ALBANY – Gov. Andrew M. Cuomo and legislative leaders were poised to announce Tuesday that they had agreed to an overhaul of the tax code that would raise taxes on the wealthy and reduce them for middle-class residents, according to an official briefed on the negotiations.
Lawmakers on Tuesday were returning to the Capitol to discuss the tentative agreement, and they could approve it as early as this week in a special session of the Legislature that Mr. Cuomo was expected to call.
The official said that Mr. Cuomo; Sheldon Silver, the Assembly speaker; and Dean G. Skelos, the Senate majority leader, had agreed on the principles of a tax package, and were hoping to announce the details shortly. It remained possible that a last-minute language disagreement could scuttle the deal, but the elected officials were optimistic Tuesday morning.
The tentative agreement would create multiple new tax brackets and tax rates, and would replace some, but not all, of the revenue to be lost when the state’s so-called millionaires’ tax expires at the end of this month. Mr. Cuomo had called for “comprehensive reform” of the tax code on Sunday.
The deal was also likely to include a compromise on a much-contested plan to legalize the hailing of livery cabs on most New York City streets, according to the official, who spoke on the condition of anonymity because the talks were private.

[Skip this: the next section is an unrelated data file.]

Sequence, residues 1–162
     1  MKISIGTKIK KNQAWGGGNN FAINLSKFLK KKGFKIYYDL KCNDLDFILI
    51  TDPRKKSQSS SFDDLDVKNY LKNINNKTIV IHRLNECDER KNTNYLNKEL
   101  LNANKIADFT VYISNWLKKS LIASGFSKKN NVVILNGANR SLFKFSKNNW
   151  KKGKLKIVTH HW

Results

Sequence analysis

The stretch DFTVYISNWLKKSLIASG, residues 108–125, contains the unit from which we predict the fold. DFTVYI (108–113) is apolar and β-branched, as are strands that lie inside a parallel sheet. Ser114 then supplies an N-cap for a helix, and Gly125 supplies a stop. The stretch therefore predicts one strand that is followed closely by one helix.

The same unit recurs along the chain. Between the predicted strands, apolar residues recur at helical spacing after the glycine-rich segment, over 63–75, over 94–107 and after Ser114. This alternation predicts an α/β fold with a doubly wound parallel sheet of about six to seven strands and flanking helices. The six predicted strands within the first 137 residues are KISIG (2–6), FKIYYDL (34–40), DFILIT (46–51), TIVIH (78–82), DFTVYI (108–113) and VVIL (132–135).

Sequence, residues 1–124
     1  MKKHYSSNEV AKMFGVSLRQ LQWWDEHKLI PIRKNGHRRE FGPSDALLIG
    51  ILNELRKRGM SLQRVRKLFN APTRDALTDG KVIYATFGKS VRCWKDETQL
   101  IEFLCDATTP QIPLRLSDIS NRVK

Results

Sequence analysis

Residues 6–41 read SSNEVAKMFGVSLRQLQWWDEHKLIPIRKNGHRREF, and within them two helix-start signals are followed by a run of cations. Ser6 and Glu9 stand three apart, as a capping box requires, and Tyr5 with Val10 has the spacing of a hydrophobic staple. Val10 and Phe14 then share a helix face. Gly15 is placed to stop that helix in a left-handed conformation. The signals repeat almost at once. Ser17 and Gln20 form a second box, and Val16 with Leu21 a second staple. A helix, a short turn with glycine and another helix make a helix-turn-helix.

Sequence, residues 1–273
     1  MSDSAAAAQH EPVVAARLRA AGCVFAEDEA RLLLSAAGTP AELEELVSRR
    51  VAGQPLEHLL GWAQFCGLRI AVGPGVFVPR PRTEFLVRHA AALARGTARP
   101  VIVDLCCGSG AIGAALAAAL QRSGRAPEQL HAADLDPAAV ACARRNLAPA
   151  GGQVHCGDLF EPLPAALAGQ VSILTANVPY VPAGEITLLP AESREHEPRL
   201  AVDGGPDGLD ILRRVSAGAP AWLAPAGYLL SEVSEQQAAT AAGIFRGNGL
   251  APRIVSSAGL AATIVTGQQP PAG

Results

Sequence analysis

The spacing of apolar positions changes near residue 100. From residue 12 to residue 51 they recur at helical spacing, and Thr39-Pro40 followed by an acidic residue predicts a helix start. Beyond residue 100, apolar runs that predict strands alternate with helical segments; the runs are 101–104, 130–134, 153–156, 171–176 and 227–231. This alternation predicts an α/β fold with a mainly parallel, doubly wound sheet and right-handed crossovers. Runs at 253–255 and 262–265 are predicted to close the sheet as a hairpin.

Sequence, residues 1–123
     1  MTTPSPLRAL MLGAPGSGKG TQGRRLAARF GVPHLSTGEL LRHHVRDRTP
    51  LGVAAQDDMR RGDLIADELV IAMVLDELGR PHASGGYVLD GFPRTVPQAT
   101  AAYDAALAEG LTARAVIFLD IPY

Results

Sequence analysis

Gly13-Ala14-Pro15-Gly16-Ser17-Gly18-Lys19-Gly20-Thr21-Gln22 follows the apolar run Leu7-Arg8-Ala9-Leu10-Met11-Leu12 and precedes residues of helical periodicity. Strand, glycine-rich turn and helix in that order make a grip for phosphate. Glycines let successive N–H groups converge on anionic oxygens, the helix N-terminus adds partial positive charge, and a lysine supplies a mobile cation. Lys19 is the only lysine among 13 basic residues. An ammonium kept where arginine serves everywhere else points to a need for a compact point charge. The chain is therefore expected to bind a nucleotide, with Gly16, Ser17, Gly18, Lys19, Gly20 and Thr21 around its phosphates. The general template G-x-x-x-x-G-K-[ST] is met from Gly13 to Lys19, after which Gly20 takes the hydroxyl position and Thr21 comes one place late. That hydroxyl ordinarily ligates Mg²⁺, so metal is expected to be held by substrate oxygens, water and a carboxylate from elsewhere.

An agreement would end a yearlong battle over taxation of the wealthy, prompted by the pending expiration of the state’s millionaires’ tax, which is actually a tax surcharge for individuals who earn more than $200,000 a year and couples who earn more than $300,000. Any tax increase for the wealthy would mark a reversal for Mr. Cuomo, a Democrat, who ran for governor last year on a platform of opposing tax increases and said that increasing such taxes would hurt the state by motivating wealthy residents to move elsewhere.
But Mr. Cuomo has come under increasing pressure from Democrats and labor unions in recent weeks as the sluggish economy weakened the state’s financial picture, widening next year’s projected budget gap to as much as $3.5 billion, and the Occupy Wall Street movement directed more attention to the issue of income inequality.